Tigard teen earns them all
Tigard Boy Scout one of few to earn every merit badge by age 15.
The motto of the Boy Scouts of America is Be Prepared. Boy, is George Christensen prepared.
The 15-year-old Tigard High School student has studied seemingly every subject imaginable, earned more than 100 merit badges to prove it, and he doesnt have plans to slow down.
George was 11 when he earned his first Boy Scout merit badge. Less than five years later, hes done the unthinkable for most scouts: Hes earned all of them.
Last week, George a member of Troop 843 in Tigard became one of only a select group of Boy Scouts to earn all 132 merit badges.
Its an exceptionally rare accomplishment, especially for a scout so young.
We are so proud of him, says his mother Liz Christensen. Its good to see him have a goal and then finish it.
Merit badges are awards scouts earn after learning a particular skill. You name it and there is likely a merit badge for it: Archery, photography, architecture, American business, bugling, bird study, traffic safety and nuclear science are all skills that can earn scouts merit badges.
Last week, George was awarded his final five merit badges from his troop leaders at the Church of Jesus Christ of Latter-day Saints on Southwest North Dakota Street, bringing his total to a staggering 137 four more badges than possible.
When the Boy Scouts of America celebrated its 100th anniversary in 2010, it offered a selection of merit badges only available that year, allowing George to do what otherwise couldnt be done.
That number likely puts George over the top for the most merit badges earned by anyone across the country, says Liz Christensen. With those Centennial badges, we think he has more than anyone else in the country right now.
The Boy Scouts of America dont keep track of scouts who earn every merit badge, but its estimated that only six scouts will earn all 137 merit badges this year.
Such a good experience
George set the goal at an early age to earn every merit badge. I started with that idea from the beginning, he says. I didnt know how many there were but there are a lot of merit badges that people dont get and I had thought it sounded cool.
He worked hard, earning dozens of merit badges every year. I knew it wasnt impossible, he says.
George earned the rank of Eagle Scout the highest rank possible in Scouts at age 13 with more than 80 merit badges.
To earn his Eagle rank George needed to earn 21 merit badges by the time he turned 18.
A scouts uniform isnt complete without their sash, displaying the merit badges the scout has earned. George has to wear two sashes in order to display all of his badges.
George says his Mormon faith is what led him to get started the Latter-day Saints church has a long tradition of scouting but says he gets much more out of scouting than merit badges. Its fun, and its such a good experience, George says.
Learning about such a diverse array of subjects isnt far from the norm for George, says Liz Christensen. As a boy, George was always learning, so studying the far-ranging topics was far from new.
He has always been into learning, said Liz Christensen. As a small kid, he was always learning odd things about the world, so scouting really fit into his personality.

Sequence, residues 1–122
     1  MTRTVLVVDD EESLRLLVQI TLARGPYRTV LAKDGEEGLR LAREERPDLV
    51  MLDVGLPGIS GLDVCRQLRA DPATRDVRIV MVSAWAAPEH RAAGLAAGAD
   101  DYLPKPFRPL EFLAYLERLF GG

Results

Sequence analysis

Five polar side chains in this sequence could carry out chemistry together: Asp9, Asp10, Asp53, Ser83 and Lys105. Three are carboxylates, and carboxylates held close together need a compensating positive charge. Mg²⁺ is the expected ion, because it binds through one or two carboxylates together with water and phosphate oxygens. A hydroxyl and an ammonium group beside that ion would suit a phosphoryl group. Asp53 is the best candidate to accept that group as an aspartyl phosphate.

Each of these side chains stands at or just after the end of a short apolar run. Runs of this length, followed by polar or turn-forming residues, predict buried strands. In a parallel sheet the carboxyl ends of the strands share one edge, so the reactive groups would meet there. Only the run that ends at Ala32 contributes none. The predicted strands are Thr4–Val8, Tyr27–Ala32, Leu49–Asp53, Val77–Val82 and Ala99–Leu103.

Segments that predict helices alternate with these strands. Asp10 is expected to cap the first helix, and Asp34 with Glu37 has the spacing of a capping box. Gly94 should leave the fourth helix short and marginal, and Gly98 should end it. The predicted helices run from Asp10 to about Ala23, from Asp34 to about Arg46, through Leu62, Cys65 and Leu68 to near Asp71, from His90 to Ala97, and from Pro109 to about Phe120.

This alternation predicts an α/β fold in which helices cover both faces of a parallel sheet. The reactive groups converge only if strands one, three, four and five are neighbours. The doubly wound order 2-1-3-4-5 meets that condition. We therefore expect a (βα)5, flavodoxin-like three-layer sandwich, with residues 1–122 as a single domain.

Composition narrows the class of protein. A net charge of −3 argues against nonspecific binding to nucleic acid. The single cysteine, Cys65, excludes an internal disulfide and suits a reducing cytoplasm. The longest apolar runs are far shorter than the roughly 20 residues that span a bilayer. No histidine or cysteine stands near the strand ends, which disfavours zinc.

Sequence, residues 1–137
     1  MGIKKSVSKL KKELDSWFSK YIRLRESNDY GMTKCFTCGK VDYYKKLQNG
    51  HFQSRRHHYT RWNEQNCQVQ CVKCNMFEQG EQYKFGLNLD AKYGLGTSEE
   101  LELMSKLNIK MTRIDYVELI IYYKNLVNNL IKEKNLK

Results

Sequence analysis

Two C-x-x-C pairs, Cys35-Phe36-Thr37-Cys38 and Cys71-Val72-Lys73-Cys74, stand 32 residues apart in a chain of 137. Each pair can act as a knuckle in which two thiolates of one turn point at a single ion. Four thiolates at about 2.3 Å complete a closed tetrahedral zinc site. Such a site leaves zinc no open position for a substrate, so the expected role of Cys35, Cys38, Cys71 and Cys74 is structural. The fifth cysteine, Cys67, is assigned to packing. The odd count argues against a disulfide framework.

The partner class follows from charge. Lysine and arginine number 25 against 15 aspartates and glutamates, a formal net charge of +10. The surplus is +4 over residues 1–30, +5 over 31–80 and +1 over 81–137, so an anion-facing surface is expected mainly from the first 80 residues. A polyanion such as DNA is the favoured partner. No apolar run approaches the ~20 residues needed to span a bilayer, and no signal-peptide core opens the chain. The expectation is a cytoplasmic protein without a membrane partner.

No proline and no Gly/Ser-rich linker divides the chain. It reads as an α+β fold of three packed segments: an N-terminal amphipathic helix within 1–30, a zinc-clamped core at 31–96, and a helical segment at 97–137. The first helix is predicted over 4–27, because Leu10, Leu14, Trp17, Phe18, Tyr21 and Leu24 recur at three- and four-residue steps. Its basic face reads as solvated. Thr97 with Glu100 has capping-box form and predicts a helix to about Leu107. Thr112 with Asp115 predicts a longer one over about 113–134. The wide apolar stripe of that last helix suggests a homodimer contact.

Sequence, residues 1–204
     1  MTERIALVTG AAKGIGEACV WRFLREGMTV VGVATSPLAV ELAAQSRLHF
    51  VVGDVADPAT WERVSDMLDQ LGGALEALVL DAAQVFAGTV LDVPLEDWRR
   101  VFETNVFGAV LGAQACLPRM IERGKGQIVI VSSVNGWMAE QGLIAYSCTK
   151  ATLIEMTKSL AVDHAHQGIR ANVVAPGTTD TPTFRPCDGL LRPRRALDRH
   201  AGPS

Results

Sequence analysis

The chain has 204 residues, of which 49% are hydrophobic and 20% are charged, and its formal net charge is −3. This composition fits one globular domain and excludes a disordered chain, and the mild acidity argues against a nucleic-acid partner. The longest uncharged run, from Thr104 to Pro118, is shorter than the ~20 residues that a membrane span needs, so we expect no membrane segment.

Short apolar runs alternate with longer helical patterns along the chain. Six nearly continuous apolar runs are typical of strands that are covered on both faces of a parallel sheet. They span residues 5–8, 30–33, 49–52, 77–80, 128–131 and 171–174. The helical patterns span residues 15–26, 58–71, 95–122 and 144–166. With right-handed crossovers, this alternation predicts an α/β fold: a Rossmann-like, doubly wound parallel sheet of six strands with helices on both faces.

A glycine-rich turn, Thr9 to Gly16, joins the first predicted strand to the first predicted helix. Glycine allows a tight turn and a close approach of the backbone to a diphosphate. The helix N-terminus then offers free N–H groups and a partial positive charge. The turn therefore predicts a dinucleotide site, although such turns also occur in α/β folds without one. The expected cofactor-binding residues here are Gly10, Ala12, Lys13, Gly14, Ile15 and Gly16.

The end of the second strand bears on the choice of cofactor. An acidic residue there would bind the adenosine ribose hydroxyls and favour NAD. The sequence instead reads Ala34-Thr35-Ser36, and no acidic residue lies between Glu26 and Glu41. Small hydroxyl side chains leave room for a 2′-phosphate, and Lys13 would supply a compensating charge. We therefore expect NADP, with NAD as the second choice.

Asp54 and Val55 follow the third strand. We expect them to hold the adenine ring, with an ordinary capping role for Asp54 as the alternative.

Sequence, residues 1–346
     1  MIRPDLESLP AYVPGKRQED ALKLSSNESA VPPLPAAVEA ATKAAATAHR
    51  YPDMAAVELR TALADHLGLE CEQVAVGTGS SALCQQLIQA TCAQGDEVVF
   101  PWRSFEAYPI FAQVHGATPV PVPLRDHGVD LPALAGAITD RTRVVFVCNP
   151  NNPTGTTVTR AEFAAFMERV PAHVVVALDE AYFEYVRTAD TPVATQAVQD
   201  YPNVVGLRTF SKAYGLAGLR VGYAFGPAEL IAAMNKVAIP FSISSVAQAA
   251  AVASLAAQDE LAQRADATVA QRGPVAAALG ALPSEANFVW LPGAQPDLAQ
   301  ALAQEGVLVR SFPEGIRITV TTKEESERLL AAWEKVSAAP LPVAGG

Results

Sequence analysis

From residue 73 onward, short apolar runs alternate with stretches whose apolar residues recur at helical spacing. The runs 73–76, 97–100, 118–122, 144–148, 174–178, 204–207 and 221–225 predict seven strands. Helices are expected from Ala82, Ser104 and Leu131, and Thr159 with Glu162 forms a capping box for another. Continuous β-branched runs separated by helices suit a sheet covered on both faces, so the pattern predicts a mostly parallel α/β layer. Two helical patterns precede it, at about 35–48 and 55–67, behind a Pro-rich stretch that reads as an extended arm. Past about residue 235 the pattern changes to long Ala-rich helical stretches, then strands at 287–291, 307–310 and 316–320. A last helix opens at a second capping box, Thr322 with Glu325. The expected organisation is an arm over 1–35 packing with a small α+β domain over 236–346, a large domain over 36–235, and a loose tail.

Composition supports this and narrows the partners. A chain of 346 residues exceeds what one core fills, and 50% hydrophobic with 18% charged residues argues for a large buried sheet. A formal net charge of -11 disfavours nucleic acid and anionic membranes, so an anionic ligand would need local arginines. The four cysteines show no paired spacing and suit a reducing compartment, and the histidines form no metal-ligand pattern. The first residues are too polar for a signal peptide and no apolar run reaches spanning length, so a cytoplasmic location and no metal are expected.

Learning is something the Christensens do often. Their living room is home to numerous globes and several sets of encyclopedias.
Six more merit badges
Every merit badge came with a set of challenges and obstacles to overcome, George says.
Some were physically difficult, like his shotgun-shooting merit badge, which took several tries to complete. Earning his fly fishing merit badge took several attempts as well, and he once accidentally caught his mother Liz Christensen with his hook.
Others were difficult to earn because counselors, who test the scouts on their skills, were hard to find.
It is often really difficult to find a counselor for a merit badge like welding, George says. You need to find someone who not only knows how to weld, but they have to also be a Boy Scout counselor, too.
That often meant traveling to find counselors able to test George on his knowledge, Liz Christensen says. When George attempted to earn his merit badge in search and rescue one of the newest Boy Scout badges there werent any local counselors qualified to test George on his skills. He and others of his troop worked with the Clackamas County Sheriffs Office, which organized a special class for the boys.
When we were trying to find a counselor who was qualified in farm mechanics, we just started calling farm stores, Liz says. There just arent that many people that do that on a regular basis.
In the end the family found someone willing to become a Boy Scout counselor so that he could work with George on his merit badge.
Which badge was the most fun to earn? George cant pick a favorite.
Whitewater rafting, or kayaking, he says. Oh, and fly fishing. And scuba diving, snow sports, and welding. Did I mention motor boating?
Now that he can count himself accomplished in everything from horseback riding to public speaking, George says he feels like he has done something worthwhile.
I think Im fairly well rounded now, George says.
And George isnt finished. The Boy Scouts of America has announced it plans to release six new merit badges next year. George is already planning to earn those.
I told him At this point, we can be done, Liz Christensen says. But he wants to earn the rest.
Next years badges include topics such as mining, animation and advanced computing.Add a comment